As the entire East Coast was still reeling from the melodramatic earthquake which struck in Mineral, Virginia and was felt for hundreds of miles, the ivory-towered academic elite were already inking their quills to make the next enlightened statement demonstrating their own glorious economic wisdom.
This was the same mantra played out after the unfortunate earthquake and tsunami hit Japan in March of 2011. Business economists were flooding televisions and writing hundreds of newspapers editorials explaining how great the destruction of Japan would end up panning out for the struggling economy. This is no joke. The main arguments proudly claimed that “despite the major tragedy, the current disaster in Japan will actually boost the growth of Japan’s GDP and contribute to growth in the global economy as well”. Not to mention the 10,000 lives lost, billions of dollars in property damage, and years of painful rebuilding.
Herein lies one essential criticism of the Keynesian economic school of thought, one that normally glorifies mass destruction by either nature or war. The counterargument holds that war and natural disasters are ultimately destructive to production, completely eliminating resources and having to commit future capital to the rebuilding of the most basic necessities. The Keynesian school of thought is the same which pioneered the New Deal in the Second World War, continues the American mixed economy so heavily dependent upon government subsidies today, and continually finds resonance within the hallways of mainstream economic academia.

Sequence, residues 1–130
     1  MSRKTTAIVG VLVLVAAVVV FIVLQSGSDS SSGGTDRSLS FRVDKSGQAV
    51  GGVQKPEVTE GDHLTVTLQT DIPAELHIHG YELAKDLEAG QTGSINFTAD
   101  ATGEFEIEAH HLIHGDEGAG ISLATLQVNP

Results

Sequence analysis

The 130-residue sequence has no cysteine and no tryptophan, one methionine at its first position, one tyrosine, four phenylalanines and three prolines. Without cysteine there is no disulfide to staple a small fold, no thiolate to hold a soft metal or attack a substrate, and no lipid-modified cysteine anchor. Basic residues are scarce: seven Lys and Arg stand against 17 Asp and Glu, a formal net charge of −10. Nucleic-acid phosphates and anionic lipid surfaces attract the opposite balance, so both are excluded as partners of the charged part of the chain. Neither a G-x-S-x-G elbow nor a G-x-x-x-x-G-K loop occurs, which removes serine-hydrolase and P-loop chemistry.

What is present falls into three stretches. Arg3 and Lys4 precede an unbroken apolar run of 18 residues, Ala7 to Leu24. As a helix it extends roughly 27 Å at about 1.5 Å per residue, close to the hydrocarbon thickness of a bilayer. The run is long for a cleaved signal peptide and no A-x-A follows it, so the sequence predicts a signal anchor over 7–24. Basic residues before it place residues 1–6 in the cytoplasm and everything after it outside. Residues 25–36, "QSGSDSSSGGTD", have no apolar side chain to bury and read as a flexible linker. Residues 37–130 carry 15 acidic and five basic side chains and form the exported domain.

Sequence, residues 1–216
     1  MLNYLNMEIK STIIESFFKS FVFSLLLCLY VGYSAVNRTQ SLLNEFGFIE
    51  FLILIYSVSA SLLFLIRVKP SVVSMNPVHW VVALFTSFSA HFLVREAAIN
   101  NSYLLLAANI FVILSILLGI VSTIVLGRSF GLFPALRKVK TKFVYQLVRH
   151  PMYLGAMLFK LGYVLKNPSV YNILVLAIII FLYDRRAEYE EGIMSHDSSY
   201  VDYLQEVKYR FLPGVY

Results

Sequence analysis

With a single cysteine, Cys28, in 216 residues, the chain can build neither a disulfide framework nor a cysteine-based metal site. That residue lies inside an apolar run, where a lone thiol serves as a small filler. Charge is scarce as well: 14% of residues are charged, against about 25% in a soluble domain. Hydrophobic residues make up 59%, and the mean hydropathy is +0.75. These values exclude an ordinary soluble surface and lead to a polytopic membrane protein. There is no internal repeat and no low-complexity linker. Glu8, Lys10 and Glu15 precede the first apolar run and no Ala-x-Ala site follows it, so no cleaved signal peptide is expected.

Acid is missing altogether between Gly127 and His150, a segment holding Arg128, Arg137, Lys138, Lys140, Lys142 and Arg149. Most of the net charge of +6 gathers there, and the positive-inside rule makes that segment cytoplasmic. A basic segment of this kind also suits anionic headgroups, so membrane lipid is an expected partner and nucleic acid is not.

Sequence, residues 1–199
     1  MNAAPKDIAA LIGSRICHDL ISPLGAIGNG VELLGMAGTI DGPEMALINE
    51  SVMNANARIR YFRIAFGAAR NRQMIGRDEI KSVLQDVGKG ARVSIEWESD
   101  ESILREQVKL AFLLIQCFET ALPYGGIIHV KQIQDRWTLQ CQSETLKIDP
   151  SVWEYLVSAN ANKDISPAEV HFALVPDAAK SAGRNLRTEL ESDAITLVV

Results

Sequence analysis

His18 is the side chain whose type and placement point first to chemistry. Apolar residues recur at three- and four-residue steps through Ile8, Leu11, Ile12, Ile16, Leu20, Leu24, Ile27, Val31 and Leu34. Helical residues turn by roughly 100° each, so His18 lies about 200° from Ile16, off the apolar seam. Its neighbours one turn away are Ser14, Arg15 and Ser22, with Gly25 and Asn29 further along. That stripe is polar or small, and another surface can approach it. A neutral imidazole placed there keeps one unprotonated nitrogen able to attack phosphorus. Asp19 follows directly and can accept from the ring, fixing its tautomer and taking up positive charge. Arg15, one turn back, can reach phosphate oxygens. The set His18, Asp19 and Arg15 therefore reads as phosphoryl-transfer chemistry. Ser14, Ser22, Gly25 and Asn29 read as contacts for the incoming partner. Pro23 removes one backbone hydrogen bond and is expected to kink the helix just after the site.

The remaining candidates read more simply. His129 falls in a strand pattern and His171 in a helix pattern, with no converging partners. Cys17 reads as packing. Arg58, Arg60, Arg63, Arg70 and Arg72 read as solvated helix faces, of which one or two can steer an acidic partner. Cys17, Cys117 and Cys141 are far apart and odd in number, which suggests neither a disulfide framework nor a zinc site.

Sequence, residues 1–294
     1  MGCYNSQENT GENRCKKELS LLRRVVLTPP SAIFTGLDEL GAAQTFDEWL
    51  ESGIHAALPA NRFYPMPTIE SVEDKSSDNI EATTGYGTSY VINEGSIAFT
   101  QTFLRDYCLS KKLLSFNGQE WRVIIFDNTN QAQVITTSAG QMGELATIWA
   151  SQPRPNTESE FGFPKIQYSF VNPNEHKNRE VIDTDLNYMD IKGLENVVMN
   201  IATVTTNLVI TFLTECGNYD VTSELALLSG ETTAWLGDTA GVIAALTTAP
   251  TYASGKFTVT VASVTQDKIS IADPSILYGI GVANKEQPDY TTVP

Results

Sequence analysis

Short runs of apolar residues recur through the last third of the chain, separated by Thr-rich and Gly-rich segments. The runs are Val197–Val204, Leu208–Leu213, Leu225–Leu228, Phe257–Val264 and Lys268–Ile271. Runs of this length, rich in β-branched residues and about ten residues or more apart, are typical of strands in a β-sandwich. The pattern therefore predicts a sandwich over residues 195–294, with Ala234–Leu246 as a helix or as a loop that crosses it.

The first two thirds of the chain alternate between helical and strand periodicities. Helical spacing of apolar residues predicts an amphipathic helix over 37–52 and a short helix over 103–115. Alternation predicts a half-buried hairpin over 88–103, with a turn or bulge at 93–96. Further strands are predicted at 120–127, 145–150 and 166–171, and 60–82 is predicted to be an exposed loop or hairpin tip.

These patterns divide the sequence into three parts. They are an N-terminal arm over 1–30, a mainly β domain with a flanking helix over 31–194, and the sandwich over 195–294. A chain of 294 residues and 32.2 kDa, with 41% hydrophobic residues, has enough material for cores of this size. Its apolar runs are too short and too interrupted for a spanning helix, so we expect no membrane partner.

This is the same pattern of thinking which motivates supposed “scientists” of economics to propose that governments around the world “fake an alien invasion” so that “production can be engineered” and an economic slump can be erased in less than 18 months:
The economic fallacies presented by the so-called “academic elites” of today cannot all be addressed in this singular article, but the tools for understanding true, sound economics are available to any and all who seek to detach themselves from this level of pseudo-reality. I can only hope individuals are motivated more by true economic analysis than that which they constantly receive from economic reporters and journalists of the current age.
Try Henry Hazlitt’s Economics in One Lesson for a start.